Register to reply

Powering a LM741 opamp

by Blenton
Tags: lm741, opamp, powering
Share this thread:
Blenton
#1
Jun24-10, 12:59 AM
P: 193
I'm trying to build a circuit using a lm741 op amp, and normally the opamp requires +-15 V to run it. However currently I don't have a power supply that has a negative output.

Correct me if i'm wrong but isn't connecting the device from +15 and -15 the same as just connecting a +30 to ground supply?

If not how does one create a negative voltage short of buying a duel power supply? (I have a DC power supply that generates 5,7.5,9,12V)
Phys.Org News Partner Engineering news on Phys.org
Hoverbike drone project for air transport takes off
Student develops filter for clean water around the world
Developing the next evolution in underwater communication
berkeman
#2
Jun24-10, 11:40 AM
Mentor
berkeman's Avatar
P: 40,652
Quote Quote by Blenton View Post
I'm trying to build a circuit using a lm741 op amp, and normally the opamp requires +-15 V to run it. However currently I don't have a power supply that has a negative output.

Correct me if i'm wrong but isn't connecting the device from +15 and -15 the same as just connecting a +30 to ground supply?

If not how does one create a negative voltage short of buying a duel power supply? (I have a DC power supply that generates 5,7.5,9,12V)
The difference between +/-15V and 30V is the ground in the middle. You need low impedance supply rails with respect to your ground/reference voltage. Most of your opamp circuits with split supplies will use ground as a reference, despite there being no ground connection to the opamp IC itself.

You can try to artificially make a middle reference rail in a 30V system, but forming some sort of voltage divider to make 15V, and then bypassing the heck out of it with caps. Depending on your citcuit, that can work okay.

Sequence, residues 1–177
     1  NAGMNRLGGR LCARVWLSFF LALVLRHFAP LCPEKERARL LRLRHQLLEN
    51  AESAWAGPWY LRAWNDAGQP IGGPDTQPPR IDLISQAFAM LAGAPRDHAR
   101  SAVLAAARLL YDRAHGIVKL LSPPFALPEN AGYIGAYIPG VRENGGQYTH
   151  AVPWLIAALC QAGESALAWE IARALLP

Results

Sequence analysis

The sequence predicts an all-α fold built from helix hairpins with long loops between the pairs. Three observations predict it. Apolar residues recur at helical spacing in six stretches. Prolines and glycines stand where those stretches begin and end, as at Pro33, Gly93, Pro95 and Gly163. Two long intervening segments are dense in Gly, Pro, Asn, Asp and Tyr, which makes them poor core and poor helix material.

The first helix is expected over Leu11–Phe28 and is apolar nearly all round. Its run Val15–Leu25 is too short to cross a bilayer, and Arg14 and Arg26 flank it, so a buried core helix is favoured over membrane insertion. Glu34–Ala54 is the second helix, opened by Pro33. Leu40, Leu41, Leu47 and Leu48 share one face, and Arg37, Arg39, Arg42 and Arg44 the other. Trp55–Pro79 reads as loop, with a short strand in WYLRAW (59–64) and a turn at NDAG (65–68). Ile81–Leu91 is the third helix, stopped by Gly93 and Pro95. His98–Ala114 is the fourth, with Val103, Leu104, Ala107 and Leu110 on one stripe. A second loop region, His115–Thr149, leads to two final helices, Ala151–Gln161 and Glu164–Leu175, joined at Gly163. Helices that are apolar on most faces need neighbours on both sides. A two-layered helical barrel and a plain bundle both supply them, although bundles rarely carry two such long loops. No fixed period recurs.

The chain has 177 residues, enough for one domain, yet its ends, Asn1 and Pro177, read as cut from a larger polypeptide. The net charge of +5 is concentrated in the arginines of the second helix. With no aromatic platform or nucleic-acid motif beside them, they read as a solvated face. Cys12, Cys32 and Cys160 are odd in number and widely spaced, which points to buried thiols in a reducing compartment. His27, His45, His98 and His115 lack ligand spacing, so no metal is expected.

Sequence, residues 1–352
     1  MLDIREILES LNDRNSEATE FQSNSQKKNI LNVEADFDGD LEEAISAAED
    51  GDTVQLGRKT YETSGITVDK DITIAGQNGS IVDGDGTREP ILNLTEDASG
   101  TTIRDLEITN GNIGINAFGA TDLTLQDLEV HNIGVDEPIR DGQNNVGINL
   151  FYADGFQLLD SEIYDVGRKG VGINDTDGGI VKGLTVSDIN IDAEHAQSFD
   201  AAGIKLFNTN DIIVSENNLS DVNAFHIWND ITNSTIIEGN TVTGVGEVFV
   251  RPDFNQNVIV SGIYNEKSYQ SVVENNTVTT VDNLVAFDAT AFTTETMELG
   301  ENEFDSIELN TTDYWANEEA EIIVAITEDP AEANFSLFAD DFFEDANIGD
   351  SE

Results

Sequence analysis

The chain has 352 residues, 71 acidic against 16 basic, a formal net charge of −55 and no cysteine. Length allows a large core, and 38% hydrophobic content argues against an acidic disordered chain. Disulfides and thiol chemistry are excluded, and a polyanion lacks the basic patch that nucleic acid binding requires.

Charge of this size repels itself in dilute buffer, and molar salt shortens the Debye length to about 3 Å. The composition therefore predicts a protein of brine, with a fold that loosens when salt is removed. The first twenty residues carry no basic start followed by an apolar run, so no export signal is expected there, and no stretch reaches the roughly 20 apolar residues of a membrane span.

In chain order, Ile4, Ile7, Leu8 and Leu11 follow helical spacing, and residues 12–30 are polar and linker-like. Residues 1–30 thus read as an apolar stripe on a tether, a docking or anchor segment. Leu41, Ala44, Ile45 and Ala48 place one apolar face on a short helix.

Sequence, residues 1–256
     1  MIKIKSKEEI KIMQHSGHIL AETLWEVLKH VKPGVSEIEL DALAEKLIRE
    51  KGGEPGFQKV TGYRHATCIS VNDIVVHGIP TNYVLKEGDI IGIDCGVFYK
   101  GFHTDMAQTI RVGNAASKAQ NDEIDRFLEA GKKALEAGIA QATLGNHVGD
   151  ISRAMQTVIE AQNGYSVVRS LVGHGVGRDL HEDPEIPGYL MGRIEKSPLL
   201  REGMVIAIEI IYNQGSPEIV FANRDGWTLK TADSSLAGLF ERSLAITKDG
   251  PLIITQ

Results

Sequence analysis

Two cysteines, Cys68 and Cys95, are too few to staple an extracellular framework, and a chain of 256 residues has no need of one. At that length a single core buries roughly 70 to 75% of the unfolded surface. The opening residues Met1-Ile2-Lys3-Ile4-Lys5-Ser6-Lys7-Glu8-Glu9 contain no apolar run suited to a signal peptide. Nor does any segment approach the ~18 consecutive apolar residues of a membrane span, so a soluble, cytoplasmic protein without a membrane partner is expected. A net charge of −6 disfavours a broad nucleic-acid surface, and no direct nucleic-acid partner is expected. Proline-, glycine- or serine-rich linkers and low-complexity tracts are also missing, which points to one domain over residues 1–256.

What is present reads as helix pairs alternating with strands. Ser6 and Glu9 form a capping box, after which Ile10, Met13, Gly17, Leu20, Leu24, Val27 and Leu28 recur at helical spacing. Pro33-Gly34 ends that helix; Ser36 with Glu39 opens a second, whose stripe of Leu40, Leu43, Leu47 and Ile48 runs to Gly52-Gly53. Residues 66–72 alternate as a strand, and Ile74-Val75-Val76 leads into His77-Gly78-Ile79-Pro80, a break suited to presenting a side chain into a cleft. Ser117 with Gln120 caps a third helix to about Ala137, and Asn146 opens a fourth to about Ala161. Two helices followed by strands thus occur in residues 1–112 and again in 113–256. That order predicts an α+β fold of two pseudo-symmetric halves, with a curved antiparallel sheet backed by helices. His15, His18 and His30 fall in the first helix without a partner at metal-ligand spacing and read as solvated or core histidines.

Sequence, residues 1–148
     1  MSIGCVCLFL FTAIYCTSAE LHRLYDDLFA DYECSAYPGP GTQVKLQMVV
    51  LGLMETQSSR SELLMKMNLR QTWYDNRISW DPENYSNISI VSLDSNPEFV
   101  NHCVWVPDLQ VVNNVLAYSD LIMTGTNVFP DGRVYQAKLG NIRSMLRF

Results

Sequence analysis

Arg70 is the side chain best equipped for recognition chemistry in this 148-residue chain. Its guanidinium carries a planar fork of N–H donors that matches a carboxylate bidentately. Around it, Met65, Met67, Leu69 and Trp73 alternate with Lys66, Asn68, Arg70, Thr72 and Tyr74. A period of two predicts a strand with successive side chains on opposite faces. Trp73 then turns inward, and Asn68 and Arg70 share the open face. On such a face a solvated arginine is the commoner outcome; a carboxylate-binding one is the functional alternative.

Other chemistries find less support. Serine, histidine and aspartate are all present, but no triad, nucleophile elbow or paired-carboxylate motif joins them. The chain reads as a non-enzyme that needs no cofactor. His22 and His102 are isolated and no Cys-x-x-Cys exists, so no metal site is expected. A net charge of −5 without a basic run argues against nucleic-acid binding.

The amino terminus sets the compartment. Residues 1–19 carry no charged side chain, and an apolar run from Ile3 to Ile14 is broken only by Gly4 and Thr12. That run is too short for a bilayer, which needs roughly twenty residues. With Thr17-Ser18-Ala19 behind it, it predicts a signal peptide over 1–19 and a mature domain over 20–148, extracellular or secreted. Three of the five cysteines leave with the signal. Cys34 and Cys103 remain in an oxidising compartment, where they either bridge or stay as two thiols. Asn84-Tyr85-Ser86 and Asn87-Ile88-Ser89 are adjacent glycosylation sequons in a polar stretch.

A better way for you (and a good learning project) would be to make an inverting DC-DC circuit, followed by a negative linear regulator (to eliminate ripple). Check out the inverting Simple Switcher series from National Semiconductor, for example. They are pretty simple circuits to design and build.
vk6kro
#3
Jun24-10, 07:28 PM
Sci Advisor
P: 4,016
There is a good article on using opamps with a single supply here:

http://courses.cit.cornell.edu/bionb...ngleSupply.pdf

In Figure 2 they use an opamp as a buffer to give a stable virtual ground. Often two resistors and a bypass capacitor are all that is needed.

The article also has an excellent summary of filter circuitry.


If your signals are at or near ground level, and cannot be coupled via capacitors, you would still need a real split power supply. This would happen if the signals were DC or slowly varying AC.

If you have access to the inside of your 12 volt power source and feel comfortable with modifying it safely, it might be possible to use a half wave voltage doubler to produce a negative voltage.

Blenton
#4
Jul1-10, 11:49 PM
P: 193
Powering a LM741 opamp

@vk6ro

Yes ive been reading the article, and it serves well to power op amps, however I also require negative volts to power a motor in reverse (the op amp to switch motor between forwards and reverse).

Do you think it would be possible/safe to use a powersupply from a PC for this?
berkeman
#5
Jul2-10, 12:45 AM
Mentor
berkeman's Avatar
P: 40,652
PC power supplies can be used for general power supplies, but there are two issues to keep in mind.

First, some PC power supplies have minimum output current requirements. If you draw less than the minimum (from whichever rail is spec'd), that rail can go out of regulation, usually too high. Second, since they are switching power supplies designed for digital logic, they tend to have pretty noisy ripple. Not good for analog applications, although motors don't care about their ripple.


Register to reply

Related Discussions
Powering Sprinkler Actuators Electrical Engineering 6
Powering a transducer Electrical Engineering 3
Powering Jupiter Probes Astronomy & Astrophysics 6
Powering and artificial heart? Computing & Technology 1